To make the process more manageable for teachers and students, the sixth graders are selecting a person, the seventh graders are selecting an event in American history and the eighth graders are going to select a topic from Louisiana history or culture. Students will receive grades from both their English teacher and social studies teacher. The high school students are also required to write a paper for honors' credit, but those papers will be completed with the social studies teacher only.

As librarian, I am the go to person to help with the research process. I can teach lessons to classes on where to access quality information, but I can't be there 24/7 in person. However, I can be there 24/7 virtually. I had made a wiki for the social studies fair a few years ago that I was very proud of. It was a one stop shop for the whole process from start to finish that could be used by both middle and high school. For the current year, I realized that I had to revamp the wiki because the teachers and I had revamped the requirements for the paper. I was able to take the old wiki and copy and paste and edit to make it relevant for this year without spending hours. I was thrilled with the outcome. Open here to find the new and improved wiki. On the home page you can find the three different pathfinders that I created for the students in middle school so that they will get a chance to explore all the different resources that we have available for them. The rest of the wiki offers pages for students to  get help in selecting a topic, help in finding the databases, help with writing a paper and help with creating citations. With this resource, I know that students can find what they need to get this paper completed. By viewing the statistics available to me in wikispaces, I can see if the students are using the resource. I understand that students don't always want to come to me for help, so the wiki is available to give them assistance whether they need it during the school day or at home.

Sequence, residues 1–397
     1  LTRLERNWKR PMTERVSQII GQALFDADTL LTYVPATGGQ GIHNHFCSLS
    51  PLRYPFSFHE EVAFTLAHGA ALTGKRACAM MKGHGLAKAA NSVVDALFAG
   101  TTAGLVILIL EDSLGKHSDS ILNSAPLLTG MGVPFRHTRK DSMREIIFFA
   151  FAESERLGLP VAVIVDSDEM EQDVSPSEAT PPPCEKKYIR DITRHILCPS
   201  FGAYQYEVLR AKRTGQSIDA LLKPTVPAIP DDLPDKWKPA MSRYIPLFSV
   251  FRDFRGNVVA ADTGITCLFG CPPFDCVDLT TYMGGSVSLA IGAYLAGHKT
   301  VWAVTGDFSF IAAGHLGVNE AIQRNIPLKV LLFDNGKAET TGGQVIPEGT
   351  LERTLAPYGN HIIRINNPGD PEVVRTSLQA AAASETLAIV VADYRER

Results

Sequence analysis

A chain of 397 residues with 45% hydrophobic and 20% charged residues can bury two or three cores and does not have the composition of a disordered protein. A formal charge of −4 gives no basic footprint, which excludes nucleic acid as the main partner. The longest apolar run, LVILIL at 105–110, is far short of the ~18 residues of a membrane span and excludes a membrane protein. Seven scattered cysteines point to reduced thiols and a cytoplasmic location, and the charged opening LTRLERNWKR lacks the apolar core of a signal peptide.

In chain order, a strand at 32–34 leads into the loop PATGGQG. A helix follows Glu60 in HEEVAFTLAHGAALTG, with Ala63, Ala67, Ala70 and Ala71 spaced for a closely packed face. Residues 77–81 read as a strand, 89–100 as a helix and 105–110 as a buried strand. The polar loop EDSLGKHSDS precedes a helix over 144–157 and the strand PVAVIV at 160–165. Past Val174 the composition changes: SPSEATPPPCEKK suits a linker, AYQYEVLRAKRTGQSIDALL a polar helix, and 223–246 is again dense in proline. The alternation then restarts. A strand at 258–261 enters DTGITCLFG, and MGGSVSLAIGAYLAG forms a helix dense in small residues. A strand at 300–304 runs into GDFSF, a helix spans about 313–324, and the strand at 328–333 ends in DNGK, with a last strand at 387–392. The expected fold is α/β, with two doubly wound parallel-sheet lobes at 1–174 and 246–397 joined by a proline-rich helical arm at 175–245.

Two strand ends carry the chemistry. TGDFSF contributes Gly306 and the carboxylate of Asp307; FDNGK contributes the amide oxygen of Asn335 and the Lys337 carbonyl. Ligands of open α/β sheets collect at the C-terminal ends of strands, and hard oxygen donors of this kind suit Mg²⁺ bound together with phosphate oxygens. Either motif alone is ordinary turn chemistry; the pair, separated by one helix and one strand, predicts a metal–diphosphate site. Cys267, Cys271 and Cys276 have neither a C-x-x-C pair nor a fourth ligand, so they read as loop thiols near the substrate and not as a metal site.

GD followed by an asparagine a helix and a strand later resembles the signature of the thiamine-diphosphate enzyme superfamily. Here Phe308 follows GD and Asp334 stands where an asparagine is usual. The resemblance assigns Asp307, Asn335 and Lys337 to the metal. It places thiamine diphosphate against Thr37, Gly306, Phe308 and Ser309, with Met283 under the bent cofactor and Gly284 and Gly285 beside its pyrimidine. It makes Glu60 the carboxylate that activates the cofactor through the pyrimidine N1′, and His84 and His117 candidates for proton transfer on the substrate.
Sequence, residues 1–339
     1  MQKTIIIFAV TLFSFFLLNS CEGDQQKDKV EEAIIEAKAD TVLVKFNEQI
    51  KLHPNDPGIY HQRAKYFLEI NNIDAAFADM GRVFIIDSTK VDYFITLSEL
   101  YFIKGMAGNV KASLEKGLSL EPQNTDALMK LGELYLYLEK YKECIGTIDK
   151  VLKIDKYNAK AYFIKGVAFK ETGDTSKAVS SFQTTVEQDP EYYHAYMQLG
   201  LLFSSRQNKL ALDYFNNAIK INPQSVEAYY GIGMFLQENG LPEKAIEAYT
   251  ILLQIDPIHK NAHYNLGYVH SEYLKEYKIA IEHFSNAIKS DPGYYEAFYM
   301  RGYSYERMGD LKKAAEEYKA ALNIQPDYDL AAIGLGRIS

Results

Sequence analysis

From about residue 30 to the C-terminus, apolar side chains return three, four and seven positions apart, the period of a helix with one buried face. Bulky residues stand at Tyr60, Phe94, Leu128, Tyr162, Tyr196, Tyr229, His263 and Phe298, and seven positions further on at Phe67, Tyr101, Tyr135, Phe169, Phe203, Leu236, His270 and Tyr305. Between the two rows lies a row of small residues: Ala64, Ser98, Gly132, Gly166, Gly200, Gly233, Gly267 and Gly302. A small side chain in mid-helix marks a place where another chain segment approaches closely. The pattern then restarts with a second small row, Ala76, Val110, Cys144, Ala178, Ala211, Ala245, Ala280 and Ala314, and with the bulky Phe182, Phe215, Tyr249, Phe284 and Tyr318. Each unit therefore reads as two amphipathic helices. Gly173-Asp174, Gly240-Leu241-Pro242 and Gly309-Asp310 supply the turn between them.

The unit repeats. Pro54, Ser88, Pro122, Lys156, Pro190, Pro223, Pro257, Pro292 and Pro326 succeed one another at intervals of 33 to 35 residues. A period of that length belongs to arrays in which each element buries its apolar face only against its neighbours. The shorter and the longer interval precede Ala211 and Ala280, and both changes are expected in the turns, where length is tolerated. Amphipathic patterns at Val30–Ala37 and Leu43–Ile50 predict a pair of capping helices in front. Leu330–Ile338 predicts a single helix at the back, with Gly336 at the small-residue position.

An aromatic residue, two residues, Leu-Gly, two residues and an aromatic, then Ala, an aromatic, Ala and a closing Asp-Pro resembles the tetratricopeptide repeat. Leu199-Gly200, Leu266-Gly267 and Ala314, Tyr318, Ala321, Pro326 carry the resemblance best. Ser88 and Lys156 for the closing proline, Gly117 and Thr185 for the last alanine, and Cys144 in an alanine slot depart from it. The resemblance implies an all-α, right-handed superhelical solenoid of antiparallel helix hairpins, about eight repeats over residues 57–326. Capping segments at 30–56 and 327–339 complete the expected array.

Sunday, October 13, 2013

Giving Back to the Library Profession

I have been teaching for a long time. More than two thirds of that time has been as a school librarian. I spent 12 years in an elementary library and the last 10 in a middle and high library. I think that I have honed my skills to the point that I am at the top of my game. I have had several mentors that I looked up to over the years who helped me.through my journey, so now I think that it is important for me to help guide others. Of course, I think that I can learn from those just starting out, too. New librarians always have some new fresh ideas that I never considered. 

On the big screen is a view of the LSU instructor and the students in Baton Rouge
One of the ways that I have given back is to welcome students in library school to visit my library and interview me for class assignments. I have also had students completing a library practicum work in my library. I try to apply and make presentations at local and state conferences. This past Saturday, Charity Cantey, an LSU instructor who is also the librarian at the LSU lab school, invited me to speak to her class on school libraries offered at LSU in Baton Rouge. I didn't have to drive to Baton Rouge. There are several satellite centers at universities around the state where students can attend the class from afar. The University of New Orleans has one of those centers. So I spoke to a room with two students locally, and spoke to students around the state through a computer connection. It was kind of cool actually. 

This is what I saw as I talked: the two students and  a screen with the camera pointing at me